Mom wailed agony when I arrived, tears falling from her jawline. She said she didn't mean to do it. She told me she was only trying to teach him a lesson.
Her son, a shot to the forehead lay on the concrete path connecting their driveway and front porch.
Ambulance arrived to pick up a body limp and we rushed him to the back. Then lights and sirens to a hospital to try to fix all the broken pieces. I rushed to tape off the crime scene as family members and friends began to arrive. They tried to rush a perimeter taped off to get to where his body had first dropped, as if there had still been time to catch him. Holding back family members trying to protect evidence we still had, soon turned to fists punching in torment, car windows and screaming into a black sky that only responded with silence back.
My phone began buzzing off and on in a uniform pocket between an assaults and homicide detective because I was still waiting on word from the hospital.
Crime scene arrived to collect photographs and evidence and more and more family arrived on scene with tears-filled-angst paired with falling on knees in helplessness.
We loaded the victim's mother in the back of the squad car and she would be transported to our headquarters for a Miranda warning read before her paired with an interview by a detective.
What gets to me most even today,
is what I remember at the forefront about that night. There are so many details to what I saw and the work done and conversations had, but I always seem to go back to one that bombards the rest:
The sidewalk path.
The sidewalk path and how piled on top were the skull fragments and head matter left in a red puddle where her son once lay.
I keep looking at that heap in my head and I picture all the thoughts piled there that had once crossed his mind. All the thoughts that had fallen out below like rain after being spilled by lead.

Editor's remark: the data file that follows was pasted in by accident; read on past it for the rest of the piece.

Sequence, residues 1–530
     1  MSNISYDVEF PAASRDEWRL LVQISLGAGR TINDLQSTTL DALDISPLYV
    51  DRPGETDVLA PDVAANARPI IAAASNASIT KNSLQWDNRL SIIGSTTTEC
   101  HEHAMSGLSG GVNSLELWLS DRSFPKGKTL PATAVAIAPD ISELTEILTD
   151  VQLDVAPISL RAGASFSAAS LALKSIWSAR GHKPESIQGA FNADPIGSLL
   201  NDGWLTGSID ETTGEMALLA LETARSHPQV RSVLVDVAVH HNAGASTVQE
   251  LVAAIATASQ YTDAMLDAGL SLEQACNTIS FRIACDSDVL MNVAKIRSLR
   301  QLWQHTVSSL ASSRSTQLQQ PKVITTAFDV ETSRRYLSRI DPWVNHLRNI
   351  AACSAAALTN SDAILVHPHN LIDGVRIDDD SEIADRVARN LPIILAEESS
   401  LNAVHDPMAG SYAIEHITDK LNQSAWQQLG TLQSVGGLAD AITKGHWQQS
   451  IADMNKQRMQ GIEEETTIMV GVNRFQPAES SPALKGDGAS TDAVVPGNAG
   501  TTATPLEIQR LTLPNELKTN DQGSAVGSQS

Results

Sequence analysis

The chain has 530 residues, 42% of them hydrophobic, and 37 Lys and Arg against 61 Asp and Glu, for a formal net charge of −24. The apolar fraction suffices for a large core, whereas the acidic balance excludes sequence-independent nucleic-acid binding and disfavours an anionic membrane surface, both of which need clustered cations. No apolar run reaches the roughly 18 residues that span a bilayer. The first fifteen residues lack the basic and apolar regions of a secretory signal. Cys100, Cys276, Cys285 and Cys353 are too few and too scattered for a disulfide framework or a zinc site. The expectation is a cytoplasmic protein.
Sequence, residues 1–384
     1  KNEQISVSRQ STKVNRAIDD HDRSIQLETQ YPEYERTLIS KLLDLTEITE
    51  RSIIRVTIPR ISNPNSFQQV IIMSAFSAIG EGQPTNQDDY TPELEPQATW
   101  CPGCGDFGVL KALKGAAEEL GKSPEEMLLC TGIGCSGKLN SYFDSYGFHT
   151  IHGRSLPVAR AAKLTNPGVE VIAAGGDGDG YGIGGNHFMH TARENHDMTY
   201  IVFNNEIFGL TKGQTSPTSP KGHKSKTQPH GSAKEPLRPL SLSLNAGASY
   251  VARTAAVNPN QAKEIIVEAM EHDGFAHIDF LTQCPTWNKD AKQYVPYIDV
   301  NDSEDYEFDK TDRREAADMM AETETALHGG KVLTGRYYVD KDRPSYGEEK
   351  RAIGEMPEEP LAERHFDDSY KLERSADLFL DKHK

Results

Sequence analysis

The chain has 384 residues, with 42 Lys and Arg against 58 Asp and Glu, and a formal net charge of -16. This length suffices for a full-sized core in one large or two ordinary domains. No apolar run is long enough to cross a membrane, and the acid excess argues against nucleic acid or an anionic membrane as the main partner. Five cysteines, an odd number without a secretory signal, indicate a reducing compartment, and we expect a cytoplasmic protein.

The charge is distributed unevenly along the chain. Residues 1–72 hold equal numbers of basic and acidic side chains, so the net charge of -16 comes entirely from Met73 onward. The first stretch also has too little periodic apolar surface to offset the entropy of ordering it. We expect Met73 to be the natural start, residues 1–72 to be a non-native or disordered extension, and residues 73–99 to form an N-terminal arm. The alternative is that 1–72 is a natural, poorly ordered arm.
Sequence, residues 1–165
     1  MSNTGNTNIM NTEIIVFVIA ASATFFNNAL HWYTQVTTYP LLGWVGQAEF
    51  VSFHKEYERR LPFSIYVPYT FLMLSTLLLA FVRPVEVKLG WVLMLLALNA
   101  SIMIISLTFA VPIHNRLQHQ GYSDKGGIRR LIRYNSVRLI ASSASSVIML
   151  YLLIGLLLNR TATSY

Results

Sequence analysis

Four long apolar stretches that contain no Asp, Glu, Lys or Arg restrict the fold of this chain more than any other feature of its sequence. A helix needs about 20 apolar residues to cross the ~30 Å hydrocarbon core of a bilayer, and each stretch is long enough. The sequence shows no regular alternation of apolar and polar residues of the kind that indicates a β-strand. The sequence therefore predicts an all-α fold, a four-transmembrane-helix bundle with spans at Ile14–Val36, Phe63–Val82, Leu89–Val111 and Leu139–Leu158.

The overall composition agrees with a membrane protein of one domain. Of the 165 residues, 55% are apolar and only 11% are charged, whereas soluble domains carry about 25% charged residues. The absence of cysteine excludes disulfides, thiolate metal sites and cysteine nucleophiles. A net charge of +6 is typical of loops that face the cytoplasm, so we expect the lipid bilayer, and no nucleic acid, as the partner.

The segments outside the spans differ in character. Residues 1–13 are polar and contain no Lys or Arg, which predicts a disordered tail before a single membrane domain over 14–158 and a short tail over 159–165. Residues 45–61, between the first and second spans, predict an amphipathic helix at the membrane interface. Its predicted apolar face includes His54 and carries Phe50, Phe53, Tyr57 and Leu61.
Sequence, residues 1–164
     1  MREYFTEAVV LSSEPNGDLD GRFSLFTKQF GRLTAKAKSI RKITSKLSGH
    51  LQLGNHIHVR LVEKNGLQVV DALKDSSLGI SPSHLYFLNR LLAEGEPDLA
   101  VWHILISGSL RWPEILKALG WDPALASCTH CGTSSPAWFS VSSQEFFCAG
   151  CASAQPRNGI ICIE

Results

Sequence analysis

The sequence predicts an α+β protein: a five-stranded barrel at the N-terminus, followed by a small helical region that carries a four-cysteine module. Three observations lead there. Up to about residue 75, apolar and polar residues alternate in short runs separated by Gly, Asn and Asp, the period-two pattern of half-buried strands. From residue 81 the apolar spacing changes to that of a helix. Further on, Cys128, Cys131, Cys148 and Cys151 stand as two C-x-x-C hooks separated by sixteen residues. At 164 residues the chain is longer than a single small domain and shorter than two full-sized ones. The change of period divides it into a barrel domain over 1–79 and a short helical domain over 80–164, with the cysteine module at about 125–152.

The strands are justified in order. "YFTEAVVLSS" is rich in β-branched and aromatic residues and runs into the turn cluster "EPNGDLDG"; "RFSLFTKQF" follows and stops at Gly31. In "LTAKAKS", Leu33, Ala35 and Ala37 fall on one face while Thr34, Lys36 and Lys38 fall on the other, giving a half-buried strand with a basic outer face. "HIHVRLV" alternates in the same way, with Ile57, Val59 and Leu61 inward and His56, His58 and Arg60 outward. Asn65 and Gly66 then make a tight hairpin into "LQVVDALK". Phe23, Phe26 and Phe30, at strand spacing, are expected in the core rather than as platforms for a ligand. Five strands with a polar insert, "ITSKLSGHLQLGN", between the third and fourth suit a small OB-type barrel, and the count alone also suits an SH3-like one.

Which ones were they?
Which thoughts and ideas had they been once, before leaving forever?
Perhaps his favor for chocolate ice cream was there somewhere, or a snapshot memory of sitting on laps and playing outside.
Or maybe remembering to take the trash out had fallen out too and was somewhere in that bloody pile.
All those pieces of him on the ground;
Which ones-- that made a son this son; a brother, this brother?
---Left now to turn cold just beyond a front screen door.
And what bothers me more when I think about this night was how I wanted so bad to wash off that concrete. I couldn't wash the ground that the ants had swarmed and I wanted so badly to scrub it all away. I still think about that. I really wanted to clean it up, ya know, I didn't want anyone else to see it. I even played with the idea that night of running back to my patrol car, grabbing the water I had left in that QuickTrip cup to pour over the mess until it flooded its way into the seeps of soil.
There's always something that plays louder than the rest with every scene.
That's the part for me. That's what got to me the most with this one. This part messed with me the most, and even still.
---I wanted so bad to wash it all away.
And I couldn't.